I don't have all that much to say about Uptown Downbeat, which is a fairly obscure Ellington tune from the mid-1930s. It is one of the last echoes of the late-1920s/early-1930s "jungle style" that is most commonly associated with Duke's days at the Cotton Club. Here are a few other thoughts:
is an obscure Ellington recording from 1936 that originally bore the
It was recorded on one of the earliest dates during which Ben
Webster, later to become a regular and the ultimate exponent of the
Ellington tenor sound, recorded with Duke. The tune features Barney Bigard
featured in a wailing initial clarinet solo. Then a solo by a trumpet (probably Cootie Williams or
Rex Stewart, though Arthur Whetsol was still in the band for this
session), followed by a Hodges soprano sax
solo. Sixteen bars of ensemble
figures, an eight-bar restatement of the main theme, and Duke is out
of space on the 78 RPM record.
“jungle style” is still alive in this tune. Keep in mind that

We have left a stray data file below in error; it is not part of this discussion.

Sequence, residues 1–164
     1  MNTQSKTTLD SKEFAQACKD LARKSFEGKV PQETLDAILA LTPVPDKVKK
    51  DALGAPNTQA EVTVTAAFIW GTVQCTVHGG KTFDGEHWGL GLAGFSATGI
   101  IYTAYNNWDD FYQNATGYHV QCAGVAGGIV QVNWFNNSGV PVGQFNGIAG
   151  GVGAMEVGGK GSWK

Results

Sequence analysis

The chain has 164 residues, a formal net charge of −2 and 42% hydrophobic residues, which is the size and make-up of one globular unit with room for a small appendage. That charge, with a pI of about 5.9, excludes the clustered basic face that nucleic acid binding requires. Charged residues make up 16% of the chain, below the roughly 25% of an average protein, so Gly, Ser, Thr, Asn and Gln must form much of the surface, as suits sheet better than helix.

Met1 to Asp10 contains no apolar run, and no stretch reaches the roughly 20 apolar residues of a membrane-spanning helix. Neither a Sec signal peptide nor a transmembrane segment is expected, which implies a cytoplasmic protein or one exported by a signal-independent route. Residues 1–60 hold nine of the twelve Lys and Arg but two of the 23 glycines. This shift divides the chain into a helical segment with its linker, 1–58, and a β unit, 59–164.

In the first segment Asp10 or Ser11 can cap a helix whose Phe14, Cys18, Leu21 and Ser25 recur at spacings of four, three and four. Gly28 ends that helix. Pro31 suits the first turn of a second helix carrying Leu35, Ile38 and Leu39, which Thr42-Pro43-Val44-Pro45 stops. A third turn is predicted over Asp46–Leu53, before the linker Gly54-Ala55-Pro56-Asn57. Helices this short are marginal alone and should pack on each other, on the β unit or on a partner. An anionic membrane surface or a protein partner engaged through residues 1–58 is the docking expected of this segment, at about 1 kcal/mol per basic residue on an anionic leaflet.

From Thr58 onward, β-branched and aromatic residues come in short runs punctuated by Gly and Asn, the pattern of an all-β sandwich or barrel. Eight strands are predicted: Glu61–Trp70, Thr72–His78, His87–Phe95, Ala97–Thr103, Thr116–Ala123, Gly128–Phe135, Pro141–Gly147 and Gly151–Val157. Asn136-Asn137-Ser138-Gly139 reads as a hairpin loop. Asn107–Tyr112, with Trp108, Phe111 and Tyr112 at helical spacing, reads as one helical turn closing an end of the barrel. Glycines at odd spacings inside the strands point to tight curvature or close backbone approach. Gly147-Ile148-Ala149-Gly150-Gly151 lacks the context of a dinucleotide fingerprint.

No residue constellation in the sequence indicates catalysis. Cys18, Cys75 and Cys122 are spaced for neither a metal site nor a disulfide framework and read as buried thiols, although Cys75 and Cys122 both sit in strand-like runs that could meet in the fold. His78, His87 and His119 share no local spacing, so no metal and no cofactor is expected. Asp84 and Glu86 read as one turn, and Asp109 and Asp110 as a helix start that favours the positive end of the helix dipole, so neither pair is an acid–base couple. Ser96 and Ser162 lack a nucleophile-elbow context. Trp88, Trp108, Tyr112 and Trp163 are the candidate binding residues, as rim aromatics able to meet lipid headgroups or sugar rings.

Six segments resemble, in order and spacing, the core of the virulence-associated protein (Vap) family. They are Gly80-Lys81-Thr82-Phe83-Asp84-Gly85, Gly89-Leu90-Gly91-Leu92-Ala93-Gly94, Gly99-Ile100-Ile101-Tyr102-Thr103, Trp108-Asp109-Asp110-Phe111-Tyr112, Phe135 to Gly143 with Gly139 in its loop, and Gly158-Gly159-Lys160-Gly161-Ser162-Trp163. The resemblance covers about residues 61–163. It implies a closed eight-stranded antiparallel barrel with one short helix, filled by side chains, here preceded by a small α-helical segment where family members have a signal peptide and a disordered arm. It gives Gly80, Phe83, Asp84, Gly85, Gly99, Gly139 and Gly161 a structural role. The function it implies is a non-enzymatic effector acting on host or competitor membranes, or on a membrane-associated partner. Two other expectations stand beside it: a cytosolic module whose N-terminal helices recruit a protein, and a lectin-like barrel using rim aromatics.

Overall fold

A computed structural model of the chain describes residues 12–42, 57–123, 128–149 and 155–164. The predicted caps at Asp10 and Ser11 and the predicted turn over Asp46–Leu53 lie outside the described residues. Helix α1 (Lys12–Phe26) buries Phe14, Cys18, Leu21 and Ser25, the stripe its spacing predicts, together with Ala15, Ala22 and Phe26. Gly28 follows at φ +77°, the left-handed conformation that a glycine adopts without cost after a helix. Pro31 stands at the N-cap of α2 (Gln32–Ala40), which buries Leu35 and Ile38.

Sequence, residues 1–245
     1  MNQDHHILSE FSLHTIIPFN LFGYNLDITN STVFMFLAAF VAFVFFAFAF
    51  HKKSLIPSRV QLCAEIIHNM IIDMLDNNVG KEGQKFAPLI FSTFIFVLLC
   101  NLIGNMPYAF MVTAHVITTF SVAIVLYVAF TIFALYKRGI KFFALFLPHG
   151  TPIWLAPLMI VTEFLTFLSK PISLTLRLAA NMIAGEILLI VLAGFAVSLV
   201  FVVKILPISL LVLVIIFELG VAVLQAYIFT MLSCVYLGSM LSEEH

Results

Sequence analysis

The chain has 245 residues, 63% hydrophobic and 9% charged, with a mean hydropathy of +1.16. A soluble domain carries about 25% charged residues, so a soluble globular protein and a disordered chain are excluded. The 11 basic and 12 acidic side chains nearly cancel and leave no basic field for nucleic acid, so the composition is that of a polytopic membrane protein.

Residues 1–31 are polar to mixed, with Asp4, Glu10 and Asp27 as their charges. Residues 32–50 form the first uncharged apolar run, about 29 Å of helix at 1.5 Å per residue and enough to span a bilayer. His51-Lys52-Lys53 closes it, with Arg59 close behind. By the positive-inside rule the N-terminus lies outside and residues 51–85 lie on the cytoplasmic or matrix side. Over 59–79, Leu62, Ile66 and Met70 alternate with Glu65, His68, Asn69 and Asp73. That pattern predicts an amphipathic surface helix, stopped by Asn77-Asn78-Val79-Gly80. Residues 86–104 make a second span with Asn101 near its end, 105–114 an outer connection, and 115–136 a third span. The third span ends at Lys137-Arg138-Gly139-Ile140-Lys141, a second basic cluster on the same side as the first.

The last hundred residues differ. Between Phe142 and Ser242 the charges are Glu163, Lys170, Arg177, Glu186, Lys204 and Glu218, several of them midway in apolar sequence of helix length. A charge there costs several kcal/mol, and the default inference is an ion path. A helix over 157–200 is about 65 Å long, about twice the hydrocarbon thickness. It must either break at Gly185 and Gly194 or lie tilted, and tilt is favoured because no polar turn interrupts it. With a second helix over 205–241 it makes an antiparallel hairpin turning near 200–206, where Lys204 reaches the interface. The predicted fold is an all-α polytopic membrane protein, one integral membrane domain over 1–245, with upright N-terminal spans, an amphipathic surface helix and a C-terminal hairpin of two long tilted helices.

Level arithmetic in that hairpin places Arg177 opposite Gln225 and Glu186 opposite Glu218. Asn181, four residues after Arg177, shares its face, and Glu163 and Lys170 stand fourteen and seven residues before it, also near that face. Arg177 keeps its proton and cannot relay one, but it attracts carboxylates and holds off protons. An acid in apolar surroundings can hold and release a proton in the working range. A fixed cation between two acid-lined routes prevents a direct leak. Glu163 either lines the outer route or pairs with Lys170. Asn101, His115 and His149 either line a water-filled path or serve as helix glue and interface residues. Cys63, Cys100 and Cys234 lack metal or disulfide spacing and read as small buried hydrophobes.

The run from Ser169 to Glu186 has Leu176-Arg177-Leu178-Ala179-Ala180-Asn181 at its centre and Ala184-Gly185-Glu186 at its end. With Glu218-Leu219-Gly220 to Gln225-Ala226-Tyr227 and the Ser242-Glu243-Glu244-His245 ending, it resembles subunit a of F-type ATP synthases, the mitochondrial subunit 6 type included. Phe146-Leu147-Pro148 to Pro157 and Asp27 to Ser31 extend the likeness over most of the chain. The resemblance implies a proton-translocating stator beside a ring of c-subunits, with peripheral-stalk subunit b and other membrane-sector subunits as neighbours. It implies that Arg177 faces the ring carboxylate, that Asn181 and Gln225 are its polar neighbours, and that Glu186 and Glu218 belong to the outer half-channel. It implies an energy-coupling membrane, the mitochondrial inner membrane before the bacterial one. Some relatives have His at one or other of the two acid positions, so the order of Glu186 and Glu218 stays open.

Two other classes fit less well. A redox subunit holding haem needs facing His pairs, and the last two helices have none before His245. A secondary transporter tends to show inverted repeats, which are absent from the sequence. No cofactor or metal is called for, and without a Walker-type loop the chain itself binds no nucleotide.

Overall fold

Duke was still playing gigs at the Cotton Club as late as 1938, so
the rhythm section and both soloists are still grounded in the same
sorts of sounds that characterized tunes like Black
& Tan Fantasy
The groove is a plodding thud-thud-thud sort of thing, with harsh
beats from bass (Hayes Alvis) and guitar (Fred Guy). The drum feel
(Sonny Greer) is a shuffle but sounds almost like the beginning
inflections of a drum roll from time to time at the end of some of
the eight-bar sections.
whole feel of this tune reminds me a lot of Duke's later Across
The Track Blues.
The soprano sax player should listen to a lot of Sidney Bechet to get the appropriate sound here. Trumpet and clarinet players should listen to a lot of Duke's 1920s and early 1930s recordings.
Here are the relevant David Niven Collection tapes for stylistically similar recordings for these soloists to model their sound (and phrasing) after:
Ellington circa 1920s to 1938: